By Hafiz Wazir
WANA, Pakistan (Reuters) - Islamist militants firing from Afghanistan into Pakistan killed seven Pakistani paramilitary soldiers on Tuesday, officials said, in an attack likely to put more strain on tense relations between the neighbors.
Afghanistan and Pakistan routinely trade accusations of doing too little to prevent Taliban fighters and other militants operating in the other's territory.
The Pakistani army said seven members of the paramilitary Frontier Constabulary (FC) were killed near a border town in the mountainous South Waziristan region.
"Heavy fire from across Pak Afghan border early morning today on a FC check post northeast of Angoor Adda in South Waziristan," the military said in a statement.
"Resultantly seven FC soldiers embraced shahadat (martyrdom)."
A military official who declined to be identified said Afghan-based militants were responsible.
Afghan President Ashraf Ghani has tried to improve ties with his nuclear-armed neighbor to the east since coming to power last year. Ghani says the two sides must work together to defeat Islamist insurgents who threaten both countries.
Ghani's overtures appeared to yield fruit in July when Pakistan hosted the first official peace talks between the Taliban and the Afghan government.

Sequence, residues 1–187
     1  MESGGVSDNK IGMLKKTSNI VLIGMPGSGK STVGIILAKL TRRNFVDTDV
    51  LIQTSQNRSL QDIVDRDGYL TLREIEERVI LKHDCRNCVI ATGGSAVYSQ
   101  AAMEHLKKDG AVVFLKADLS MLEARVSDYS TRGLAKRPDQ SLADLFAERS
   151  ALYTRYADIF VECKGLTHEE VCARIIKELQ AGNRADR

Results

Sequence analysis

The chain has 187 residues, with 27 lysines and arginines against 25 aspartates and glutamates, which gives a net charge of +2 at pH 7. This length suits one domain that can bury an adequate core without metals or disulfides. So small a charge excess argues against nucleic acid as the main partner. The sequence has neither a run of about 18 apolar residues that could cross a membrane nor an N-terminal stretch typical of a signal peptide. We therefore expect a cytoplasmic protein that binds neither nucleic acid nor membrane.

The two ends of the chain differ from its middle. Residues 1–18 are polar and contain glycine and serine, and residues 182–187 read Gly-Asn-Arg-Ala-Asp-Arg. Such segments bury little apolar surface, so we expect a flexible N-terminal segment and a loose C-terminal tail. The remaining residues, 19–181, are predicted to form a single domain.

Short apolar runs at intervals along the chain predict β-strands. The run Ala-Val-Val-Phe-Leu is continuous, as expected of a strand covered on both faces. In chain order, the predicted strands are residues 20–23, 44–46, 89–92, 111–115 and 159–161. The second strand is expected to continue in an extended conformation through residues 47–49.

But the talks were suspended after news of the death of the Taliban's founder Mullah Mohammed Omar leaked. A wave of Taliban attacks in Kabul then strained relations with Pakistan.
Afghan officials have long accused Pakistan of tolerating Afghan Taliban seeking shelter on Pakistani territory and even of supporting them, an accusation Pakistan denies.
Instead, Pakistan says the leadership of the Pakistani Taliban - a group loosely allied with the Afghan Taliban but fighting to topple Pakistan's government - is based in Afghanistan.
Afghanistan recently accused Pakistan of not doing enough to arrest Afghan Taliban leaders meeting to decide on a successor to Omar. Afghan officials say the Taliban are meeting semi-openly in Pakistan.
Pakistan says such meetings are held in Afghanistan.
(Additional reporting by Saud Mehsud; Writing by Mehreen Zahra-Malik; Editing by Robert Birsel)